Input on Using Rental Income from Primary Residence

5 Replies

Relatively new investor here!

I purchased a single family home in October 2014 and have been renting out 3 of the 4 bedrooms ever since. This results in a monthly profit of $427. I am currently on a plan that would allow me to purchase a 2nd property in the next 15-18 months. However, it would be hard for me to qualify for a second mortgage based on my monthly income and I want to take my rental income into account as this is an additional $5124/year and can offset the mortgage from my liabilities. 

I am now in the process of filing my 2014 return and due to the limited number of months that I rented the property (November/December), the number of deductions that I am able to take from the home purchase and a few repairs that I did prior to move in, my rental income is showing as -$3300 for 2014. Will this create issues for me moving forward? What is the best way to handle this? I am willing to limit my deductions to show a more positive rental income number. 

Thanks in advance!!

I don't think this will matter.  From what others have posted, lenders aren't going to count "roommate income".  So, before jumping through hoops on your taxes, speak with your prospective lenders and see what, if anything, they will do with this income.

Originally posted by @Jon Holdman :

I don't think this will matter.  From what others have posted, lenders aren't going to count "roommate income".  So, before jumping through hoops on your taxes, speak with your prospective lenders and see what, if anything, they will do with this income.

 Jon,

If I am unable to count this "roommate income" as income, is there a chance that it be used to offset the mortgage on the first property since it is cash flow positive?

Thanks!

If they won't count roommate income, they won't count it at all.

You probably want to consult with an accountant about your taxes, too.  You mention deductions from the purchase and for repairs made prior to moving in.  Repairs made to a rental prior to having it rent ready are not deductible.  Instead, they add to your basis.  Closing costs associated with the purchase are also somewhat complicated.  And all these get split up because you're using this property partly as a residence and partly as a rental.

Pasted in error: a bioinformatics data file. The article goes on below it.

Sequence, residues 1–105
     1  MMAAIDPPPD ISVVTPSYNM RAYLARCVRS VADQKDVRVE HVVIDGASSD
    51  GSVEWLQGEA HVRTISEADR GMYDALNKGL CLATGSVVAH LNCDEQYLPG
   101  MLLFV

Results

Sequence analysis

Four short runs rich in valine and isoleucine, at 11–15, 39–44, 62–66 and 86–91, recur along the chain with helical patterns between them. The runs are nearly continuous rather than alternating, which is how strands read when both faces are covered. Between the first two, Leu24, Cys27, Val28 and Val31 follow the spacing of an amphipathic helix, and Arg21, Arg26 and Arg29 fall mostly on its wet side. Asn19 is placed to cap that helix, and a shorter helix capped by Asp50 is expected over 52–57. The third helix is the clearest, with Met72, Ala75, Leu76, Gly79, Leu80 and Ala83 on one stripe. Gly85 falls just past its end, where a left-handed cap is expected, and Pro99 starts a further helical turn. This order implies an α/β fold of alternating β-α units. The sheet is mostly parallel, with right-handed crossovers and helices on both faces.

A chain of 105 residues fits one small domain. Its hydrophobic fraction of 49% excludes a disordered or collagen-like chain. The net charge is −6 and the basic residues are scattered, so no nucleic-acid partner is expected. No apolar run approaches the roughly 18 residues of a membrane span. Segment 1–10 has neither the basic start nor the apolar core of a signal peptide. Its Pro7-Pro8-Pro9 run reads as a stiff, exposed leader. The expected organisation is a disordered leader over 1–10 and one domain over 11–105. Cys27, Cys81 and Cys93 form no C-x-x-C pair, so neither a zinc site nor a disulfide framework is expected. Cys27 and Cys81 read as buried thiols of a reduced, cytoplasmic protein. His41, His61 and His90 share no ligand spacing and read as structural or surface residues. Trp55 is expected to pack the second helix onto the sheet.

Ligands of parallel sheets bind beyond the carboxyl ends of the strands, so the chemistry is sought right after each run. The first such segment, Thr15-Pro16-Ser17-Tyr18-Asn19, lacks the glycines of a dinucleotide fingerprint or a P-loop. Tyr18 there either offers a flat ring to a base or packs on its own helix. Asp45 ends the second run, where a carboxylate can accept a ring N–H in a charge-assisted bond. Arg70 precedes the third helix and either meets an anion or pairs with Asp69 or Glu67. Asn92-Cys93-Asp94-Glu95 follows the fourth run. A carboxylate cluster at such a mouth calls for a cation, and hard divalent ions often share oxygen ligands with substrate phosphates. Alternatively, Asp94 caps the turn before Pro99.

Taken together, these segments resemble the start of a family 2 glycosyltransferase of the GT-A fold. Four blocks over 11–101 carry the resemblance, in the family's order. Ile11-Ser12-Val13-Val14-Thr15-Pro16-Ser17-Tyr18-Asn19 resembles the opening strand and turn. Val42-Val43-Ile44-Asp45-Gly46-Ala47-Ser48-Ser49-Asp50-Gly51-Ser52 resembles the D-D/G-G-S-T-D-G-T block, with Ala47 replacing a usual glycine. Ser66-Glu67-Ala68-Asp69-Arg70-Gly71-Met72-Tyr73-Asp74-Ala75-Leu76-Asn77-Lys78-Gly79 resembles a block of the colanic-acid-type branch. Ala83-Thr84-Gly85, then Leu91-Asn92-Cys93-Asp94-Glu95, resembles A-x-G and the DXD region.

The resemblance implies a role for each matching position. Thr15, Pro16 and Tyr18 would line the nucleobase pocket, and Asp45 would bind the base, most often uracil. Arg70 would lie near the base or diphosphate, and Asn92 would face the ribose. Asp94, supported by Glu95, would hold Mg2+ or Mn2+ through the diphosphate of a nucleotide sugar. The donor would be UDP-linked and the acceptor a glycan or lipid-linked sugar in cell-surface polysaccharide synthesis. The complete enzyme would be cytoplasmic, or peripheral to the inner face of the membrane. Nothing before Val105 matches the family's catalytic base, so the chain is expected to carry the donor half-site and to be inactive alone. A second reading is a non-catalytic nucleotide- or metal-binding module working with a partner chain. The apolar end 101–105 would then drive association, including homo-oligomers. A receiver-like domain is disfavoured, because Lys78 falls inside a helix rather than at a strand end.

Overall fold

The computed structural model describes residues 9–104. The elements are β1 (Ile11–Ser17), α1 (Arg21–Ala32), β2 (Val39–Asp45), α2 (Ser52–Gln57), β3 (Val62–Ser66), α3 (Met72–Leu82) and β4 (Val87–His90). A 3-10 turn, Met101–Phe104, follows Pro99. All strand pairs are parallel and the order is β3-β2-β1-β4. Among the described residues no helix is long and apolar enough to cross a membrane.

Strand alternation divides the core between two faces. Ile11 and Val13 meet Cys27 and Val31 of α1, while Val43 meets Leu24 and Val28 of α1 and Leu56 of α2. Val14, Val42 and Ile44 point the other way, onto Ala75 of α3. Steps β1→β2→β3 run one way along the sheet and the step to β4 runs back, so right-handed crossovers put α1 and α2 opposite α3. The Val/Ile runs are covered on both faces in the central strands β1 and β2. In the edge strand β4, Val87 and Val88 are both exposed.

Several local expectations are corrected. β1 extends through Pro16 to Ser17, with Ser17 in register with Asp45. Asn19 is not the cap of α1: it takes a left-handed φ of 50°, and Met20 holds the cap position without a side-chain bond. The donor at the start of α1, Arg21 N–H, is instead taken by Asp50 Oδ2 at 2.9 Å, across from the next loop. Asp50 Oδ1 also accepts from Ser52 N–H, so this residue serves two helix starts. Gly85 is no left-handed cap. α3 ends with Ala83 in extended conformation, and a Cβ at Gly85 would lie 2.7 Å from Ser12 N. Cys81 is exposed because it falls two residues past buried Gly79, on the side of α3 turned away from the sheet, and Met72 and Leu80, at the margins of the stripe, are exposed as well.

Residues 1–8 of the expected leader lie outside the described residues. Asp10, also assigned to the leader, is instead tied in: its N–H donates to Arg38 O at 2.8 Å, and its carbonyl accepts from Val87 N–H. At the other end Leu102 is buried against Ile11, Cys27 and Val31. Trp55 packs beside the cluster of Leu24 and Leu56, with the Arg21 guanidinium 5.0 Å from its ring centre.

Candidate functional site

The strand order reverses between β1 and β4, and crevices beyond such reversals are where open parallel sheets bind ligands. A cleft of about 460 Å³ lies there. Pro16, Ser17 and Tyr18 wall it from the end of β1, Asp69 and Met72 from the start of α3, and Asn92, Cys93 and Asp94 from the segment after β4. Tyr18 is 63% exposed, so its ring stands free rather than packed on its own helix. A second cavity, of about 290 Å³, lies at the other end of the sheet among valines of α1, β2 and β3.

"Cash flow positive" for rentals is determined from your tax return. Depreciation is typically added back in. For a new property, banks use the formula "net rental income = 75% * rent - PITI".

@Alex Agafonov

@Jon Holdman

Jon is right repairs or improvements done prior to the rental entering "service," is added to basis however interest and incidentals like property tax can be itemized on your personal schedule A. I am not an accountant or tax professional so this is only my experience with this.

Usually you can use rental income on a rental property but from what I understand you live in this SFR as a primary residence and rent out the remaining 3 bedrooms. These roommates are considered boarders and boarder income cannot be used. The only case when it can be used is when its a full time care taker who is there to help a disabled home owner and the home owner receives an subsidy from the government. That income can be used but its an isolated circumstance.

The only program on conventional that allows the use of boarder income outside of the exception i mentioned above is MCM- My community Fannie Mae but it requires the borrower make under the area median income (depending on county) and has no other properties owned at the time of funding.

I work with many investors who house hack on the lending end and have personal experence in house hacking as Brandon would call it. 

Also to add on that you can use 75% of the gross income when you plan to vacate your SFR home for the 2nd home but there are requirements to use this 75% of rental income. Its not as easy as ABC.

You'll need to document 30% equity in your current primary SFR in order to use the rental income and you'll need 2 months payment reserves on the new property and the current property as well.

There are ways around the 30% equity requirement on conventional financing but that is a more indepth conversation.

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